Patrick White, the first great novelist to come out of Australia, was born in 1912, won the Nobel Prize in 1973, died in 1990 and his work promptly dropped from fashion. His style of narrative-driven psychological modernism seemed outmoded, perhaps, when the highbrow section of the literary marketplace had turned to the exuberant post-modernism of Salman Rushdie and David Foster Wallace, on the one hand, and the differently stylized realisms of Raymond Carver and Alice Munro on the other. A chapter from one of White’s novels, submitted pseudonymously to a list of top publishers in 2007, was rejected by every one of them. White — who was gay, had a gallows wit and self-consciously cast himself as an outsider, both ahead of his times and behind them — would have seen the humor in that. He once said that he had wasted his life writing and should have stuck to “learning to cook properly.”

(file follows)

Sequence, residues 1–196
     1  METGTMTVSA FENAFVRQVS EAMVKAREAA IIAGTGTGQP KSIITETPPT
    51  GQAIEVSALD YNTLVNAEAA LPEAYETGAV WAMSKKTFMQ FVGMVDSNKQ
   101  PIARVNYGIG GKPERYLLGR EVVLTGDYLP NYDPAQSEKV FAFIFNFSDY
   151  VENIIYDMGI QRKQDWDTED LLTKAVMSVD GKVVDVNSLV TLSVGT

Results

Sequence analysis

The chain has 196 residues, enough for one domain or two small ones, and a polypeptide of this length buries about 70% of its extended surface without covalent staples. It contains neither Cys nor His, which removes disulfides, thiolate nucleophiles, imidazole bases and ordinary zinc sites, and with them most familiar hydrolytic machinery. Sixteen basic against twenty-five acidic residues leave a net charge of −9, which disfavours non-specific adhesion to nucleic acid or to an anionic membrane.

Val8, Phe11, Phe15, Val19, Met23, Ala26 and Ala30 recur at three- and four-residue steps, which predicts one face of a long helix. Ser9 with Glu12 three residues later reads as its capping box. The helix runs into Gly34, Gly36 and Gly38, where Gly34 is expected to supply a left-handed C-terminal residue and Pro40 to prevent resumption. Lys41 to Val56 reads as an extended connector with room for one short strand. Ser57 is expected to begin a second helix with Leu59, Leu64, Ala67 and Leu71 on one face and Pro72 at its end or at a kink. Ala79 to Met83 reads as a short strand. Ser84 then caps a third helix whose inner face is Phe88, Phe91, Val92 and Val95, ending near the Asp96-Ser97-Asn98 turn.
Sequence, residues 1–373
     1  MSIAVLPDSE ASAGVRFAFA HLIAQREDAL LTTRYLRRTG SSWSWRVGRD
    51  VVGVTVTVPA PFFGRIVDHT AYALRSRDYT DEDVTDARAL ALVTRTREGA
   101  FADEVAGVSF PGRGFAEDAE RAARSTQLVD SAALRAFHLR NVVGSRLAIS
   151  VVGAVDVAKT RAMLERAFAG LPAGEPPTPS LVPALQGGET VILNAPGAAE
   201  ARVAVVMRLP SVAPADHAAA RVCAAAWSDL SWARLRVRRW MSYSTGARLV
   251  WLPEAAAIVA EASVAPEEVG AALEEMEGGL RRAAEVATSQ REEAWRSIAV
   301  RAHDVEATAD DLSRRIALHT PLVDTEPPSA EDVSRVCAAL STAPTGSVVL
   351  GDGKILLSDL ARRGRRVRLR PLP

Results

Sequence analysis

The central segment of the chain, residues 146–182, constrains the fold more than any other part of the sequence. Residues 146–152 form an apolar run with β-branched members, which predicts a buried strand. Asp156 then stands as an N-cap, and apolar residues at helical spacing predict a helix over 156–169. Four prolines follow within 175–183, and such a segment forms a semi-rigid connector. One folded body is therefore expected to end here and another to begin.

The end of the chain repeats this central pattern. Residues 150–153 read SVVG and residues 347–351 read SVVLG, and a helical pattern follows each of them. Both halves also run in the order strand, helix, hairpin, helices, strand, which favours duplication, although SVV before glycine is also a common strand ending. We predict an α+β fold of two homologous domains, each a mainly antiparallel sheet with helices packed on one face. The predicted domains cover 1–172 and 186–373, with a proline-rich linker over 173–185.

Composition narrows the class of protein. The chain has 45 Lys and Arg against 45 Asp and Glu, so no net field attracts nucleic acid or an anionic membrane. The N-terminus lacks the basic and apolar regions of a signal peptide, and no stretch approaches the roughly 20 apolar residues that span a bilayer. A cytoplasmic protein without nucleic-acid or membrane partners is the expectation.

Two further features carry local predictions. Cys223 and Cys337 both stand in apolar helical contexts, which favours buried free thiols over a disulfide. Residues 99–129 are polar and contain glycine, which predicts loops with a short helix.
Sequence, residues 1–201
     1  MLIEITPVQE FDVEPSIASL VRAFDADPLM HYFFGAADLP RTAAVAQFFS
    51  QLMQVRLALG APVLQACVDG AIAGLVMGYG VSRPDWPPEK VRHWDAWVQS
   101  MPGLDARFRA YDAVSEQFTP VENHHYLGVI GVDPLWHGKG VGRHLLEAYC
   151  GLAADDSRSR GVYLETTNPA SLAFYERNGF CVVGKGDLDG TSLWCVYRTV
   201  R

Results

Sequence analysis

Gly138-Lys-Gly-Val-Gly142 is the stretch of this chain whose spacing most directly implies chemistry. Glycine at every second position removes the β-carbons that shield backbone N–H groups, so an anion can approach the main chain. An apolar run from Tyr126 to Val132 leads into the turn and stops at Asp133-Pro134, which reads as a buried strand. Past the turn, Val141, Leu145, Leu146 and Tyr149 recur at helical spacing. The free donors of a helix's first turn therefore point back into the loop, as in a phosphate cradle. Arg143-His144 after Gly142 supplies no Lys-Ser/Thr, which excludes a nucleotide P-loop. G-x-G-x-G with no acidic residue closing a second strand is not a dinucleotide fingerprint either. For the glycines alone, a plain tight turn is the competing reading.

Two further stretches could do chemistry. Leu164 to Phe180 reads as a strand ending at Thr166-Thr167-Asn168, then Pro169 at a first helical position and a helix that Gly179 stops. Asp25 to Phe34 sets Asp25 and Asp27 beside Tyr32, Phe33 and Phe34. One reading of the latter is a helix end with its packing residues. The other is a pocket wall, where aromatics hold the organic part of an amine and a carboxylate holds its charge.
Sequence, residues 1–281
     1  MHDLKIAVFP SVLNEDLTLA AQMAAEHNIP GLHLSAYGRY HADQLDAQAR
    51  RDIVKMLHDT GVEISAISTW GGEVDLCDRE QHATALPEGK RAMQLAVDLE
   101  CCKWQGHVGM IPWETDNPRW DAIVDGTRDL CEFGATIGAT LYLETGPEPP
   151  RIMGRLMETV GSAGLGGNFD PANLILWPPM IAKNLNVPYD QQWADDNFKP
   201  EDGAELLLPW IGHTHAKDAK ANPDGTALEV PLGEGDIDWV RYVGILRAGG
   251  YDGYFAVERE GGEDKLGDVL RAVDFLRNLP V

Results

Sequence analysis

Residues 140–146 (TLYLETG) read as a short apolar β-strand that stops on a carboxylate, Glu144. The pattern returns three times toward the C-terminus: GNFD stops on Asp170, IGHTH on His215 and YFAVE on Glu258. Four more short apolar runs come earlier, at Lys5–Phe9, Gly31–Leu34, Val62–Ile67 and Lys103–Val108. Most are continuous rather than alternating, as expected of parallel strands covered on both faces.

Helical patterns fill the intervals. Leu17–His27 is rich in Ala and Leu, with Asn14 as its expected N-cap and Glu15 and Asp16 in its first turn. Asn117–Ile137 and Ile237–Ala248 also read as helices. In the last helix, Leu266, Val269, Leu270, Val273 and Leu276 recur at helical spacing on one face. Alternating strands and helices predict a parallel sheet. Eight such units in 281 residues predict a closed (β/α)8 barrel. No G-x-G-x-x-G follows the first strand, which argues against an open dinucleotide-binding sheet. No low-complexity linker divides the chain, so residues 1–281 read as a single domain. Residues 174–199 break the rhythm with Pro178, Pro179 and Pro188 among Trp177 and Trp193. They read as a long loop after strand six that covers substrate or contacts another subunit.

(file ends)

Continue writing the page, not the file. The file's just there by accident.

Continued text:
more from the LA Times here.